Friday, December 5, 2008

Main Course Mayhem on Millrock Road

Butch Dener isn't very happy with the Village Planning Board.

He's angry that Bruce and Vicki Kazan have had "stumbling blocks" placed in front of their project on the corner of Millrock and Main. In part I agree with his letter (which I won't bother linking to, due to Ulster Publishing's mysterious policy of taking stories down from the website after a period of time, a policy that bespeaks a lack of understanding of the internet . . . but, I digress), but not entirely. Let's look at some facts:
  • The Kazans had their project approved some time ago, and it's just about complete. Butch could have written his letter of praise regardless of the most recent PB meeting.
  • Bruce came back because he's looking to get a special use permit - essentially, change the agreement he made with the Village - to allow a tenant that will be selling artisinal breads.
  • Residents of Millrock Road, long opposed to this building, believe that a business that falls into the "grocery" definition of the code would increase the shortcut traffic along Henry W. Dubois and down Millrock.
Like Butch, I love the design of the building and applaud the Kazans' interest in keeping business local. I also happen to love the kind of bread that this potential new business wants to sell and will probably frequent it as often as my wallet and waistline allow, as I stated for the record.

I also happen to agree with Butch that the meetings are a bit . . . inconsistent. He makes particular reference to my fellow member Marion Dubois and her interest in the project:
"She (and the chairman) allows the residents to address her during the meetings, which is against all known policies and procedures. That alone is a conflict. But she, herself, lives on that street! Another conflict. No wonder she listens to these folks, she is their neighbor and friend."
Comment from the public
Now let's talk about this back-and-forth at meetings. I've had that type of dialog at Town Board meetings when I have submitted public comment, so it's not exactly unprecedented, whether or not it's good practice. I would prefer to have a formal public comment period at Planning Board meetings, because it would give community members an opportunity to weigh in on matters that are not set for a public hearing, but when I have suggested that all I get are blank stares. I've had to call people on my own time to ask them their opinions on various matters in the past, just because I really want to know what New Paltz is thinking.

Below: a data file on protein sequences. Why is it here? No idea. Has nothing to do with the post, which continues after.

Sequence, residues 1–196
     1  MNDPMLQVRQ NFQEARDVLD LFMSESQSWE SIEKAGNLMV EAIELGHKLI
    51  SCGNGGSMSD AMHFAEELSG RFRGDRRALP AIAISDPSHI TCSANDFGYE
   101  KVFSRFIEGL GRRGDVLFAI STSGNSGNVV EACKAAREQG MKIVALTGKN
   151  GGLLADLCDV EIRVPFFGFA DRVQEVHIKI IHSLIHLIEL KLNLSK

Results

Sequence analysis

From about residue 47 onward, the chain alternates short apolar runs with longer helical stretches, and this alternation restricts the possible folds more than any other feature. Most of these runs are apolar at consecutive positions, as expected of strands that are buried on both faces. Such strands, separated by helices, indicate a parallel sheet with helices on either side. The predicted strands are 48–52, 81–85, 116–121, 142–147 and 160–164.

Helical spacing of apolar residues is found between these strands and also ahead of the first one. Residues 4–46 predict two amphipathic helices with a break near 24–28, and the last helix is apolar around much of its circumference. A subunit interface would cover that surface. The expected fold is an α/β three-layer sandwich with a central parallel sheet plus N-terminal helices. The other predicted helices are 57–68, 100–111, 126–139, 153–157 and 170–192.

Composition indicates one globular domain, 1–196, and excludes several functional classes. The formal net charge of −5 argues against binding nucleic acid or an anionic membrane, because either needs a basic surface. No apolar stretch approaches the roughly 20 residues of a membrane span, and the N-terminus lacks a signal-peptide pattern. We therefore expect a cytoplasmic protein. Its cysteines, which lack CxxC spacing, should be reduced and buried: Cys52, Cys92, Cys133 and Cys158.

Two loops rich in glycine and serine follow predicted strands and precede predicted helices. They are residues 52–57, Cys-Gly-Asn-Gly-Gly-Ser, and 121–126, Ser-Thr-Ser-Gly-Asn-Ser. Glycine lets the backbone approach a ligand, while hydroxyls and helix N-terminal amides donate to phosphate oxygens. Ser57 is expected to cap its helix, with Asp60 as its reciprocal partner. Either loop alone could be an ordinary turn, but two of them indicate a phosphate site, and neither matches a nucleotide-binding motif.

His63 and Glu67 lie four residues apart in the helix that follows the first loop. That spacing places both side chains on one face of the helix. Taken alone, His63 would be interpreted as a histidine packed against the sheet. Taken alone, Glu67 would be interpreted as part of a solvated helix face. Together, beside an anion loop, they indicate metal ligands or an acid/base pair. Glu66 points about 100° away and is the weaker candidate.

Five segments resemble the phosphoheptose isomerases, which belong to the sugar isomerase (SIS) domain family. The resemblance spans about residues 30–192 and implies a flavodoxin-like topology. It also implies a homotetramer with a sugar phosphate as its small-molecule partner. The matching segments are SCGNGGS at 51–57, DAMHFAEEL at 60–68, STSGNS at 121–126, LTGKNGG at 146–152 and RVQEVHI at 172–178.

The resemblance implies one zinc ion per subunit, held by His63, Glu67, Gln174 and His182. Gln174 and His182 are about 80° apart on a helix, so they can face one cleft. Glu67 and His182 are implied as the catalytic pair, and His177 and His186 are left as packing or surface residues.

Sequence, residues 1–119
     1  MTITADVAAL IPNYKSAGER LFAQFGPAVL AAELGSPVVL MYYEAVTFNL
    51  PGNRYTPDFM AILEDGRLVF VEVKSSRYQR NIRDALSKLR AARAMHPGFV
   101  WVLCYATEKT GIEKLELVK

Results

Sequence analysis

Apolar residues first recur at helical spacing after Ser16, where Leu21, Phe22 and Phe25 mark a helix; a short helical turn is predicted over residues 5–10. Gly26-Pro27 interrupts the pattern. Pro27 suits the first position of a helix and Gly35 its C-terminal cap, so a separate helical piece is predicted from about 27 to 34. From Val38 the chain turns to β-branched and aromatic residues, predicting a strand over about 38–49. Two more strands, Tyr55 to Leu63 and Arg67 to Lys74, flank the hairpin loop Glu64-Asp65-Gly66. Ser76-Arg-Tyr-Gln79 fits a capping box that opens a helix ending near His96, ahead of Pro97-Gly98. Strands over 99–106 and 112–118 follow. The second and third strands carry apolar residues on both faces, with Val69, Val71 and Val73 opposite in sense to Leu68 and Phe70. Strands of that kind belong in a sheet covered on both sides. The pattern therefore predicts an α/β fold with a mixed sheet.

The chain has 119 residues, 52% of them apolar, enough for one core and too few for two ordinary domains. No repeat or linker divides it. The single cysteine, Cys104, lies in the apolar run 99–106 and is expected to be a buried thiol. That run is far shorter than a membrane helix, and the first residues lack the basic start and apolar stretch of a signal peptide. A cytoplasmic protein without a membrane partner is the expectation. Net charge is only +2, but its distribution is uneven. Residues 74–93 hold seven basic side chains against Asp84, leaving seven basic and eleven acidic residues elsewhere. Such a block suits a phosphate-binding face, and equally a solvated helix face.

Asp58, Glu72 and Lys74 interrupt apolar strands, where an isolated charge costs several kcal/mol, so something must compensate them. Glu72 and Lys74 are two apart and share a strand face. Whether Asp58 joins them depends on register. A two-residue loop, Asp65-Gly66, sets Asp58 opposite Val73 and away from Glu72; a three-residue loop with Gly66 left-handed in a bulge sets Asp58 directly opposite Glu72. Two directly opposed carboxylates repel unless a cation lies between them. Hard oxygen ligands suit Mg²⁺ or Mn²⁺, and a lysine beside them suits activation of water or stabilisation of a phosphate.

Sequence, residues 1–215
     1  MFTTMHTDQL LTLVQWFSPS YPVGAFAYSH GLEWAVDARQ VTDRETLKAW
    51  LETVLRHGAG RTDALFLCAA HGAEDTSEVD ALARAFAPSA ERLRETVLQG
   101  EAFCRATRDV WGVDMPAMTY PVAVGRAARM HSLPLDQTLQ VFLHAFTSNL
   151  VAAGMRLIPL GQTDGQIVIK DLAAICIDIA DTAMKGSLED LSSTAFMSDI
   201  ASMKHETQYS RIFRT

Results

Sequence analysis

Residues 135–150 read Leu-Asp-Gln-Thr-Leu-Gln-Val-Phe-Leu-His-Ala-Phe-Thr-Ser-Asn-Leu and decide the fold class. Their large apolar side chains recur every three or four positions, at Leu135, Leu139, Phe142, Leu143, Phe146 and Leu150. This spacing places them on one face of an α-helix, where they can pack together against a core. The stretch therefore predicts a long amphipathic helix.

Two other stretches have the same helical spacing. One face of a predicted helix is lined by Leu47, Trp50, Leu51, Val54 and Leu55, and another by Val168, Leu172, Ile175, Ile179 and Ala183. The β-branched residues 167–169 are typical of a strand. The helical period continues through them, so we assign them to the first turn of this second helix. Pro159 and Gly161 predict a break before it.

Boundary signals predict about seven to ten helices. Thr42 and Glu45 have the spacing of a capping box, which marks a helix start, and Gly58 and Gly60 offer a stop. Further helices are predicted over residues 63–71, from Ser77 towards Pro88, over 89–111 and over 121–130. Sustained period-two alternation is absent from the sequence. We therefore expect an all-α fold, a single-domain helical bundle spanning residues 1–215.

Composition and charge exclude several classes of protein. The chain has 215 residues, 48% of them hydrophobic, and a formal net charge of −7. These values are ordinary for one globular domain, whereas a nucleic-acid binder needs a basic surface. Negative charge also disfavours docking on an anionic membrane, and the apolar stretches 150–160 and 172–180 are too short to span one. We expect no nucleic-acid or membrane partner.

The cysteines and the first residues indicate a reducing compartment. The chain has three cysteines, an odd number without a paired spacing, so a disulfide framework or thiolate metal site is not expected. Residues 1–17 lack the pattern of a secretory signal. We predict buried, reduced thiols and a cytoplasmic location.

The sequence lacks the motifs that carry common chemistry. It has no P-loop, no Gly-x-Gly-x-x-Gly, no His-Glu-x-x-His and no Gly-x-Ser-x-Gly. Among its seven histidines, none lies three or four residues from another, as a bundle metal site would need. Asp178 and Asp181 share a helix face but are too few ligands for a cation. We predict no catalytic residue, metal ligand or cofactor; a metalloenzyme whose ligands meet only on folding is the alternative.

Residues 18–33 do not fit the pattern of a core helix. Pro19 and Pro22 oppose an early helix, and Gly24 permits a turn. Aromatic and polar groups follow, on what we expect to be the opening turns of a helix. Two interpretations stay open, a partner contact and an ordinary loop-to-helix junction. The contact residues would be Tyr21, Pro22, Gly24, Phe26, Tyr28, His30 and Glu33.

A public comment period would not only allow community members to share their views at each and every meeting, it would allow the Chairman to refuse comment during the remainder of the meeting without being perceived as unfair or arbitrary. Ray Curran tries very hard to balance community input with running an orderly meeting, but I don't know if it's possible without using all the tools available to him.

Butch also remarks, " Do these Millrock Road geniuses really think that cars will turn down their street from Henry W. DuBois Drive to get to Bruce's business? Gimme a break. No! They won't."

Butch, I don't know which New Paltz you're living in, but my New Paltz includes a Main Street that is all but undriveable for many hours each day. As I stated at the meeting, I have avoided Main Street for years by using Henry Dubois, and most other residents do as well. The traffic and land use study, best-known for recommending a one-way Main Street, pointed out what we are all doing this. Take North Putt Corners to Henry Dubois, and make whatever turn will bring you closest to your Main Street destination.

The neighborhood is concerned that there will be additional traffic, putting their eighteen children at risk. Honestly I'm not sure if they're right, but Bruce's figures, pulled from a standard (but generic) traffic study manual, simply don't address how much of that traffic will be taking that shortcut.

I wish there was a middle ground between Bruce's figures and hiring a traffic consultant. I'm hoping that consultant doesn't have to do much work to tell us what we need to know, because if it costs too much it may mean we lose a tasty tenant for this location. But I can't make a decision that doesn't weigh all the factors.

Increased development in the village core is preferred to paving over more former farms and untouched natural areas. This building is already approved and nothing that we do is going to change that, no matter how badly Marion Dubois and the other residents of Millrock Road may want that. Barring any really scary information about traffic, I'm going to support the special use permit - as long as it won't open the door to a QuickieMart-type place, which I think would be a very bad idea.

If Bruce is on the agenda for December 16, I hope many people come to the meeting. I'd like to see a show of support for a good project like this.

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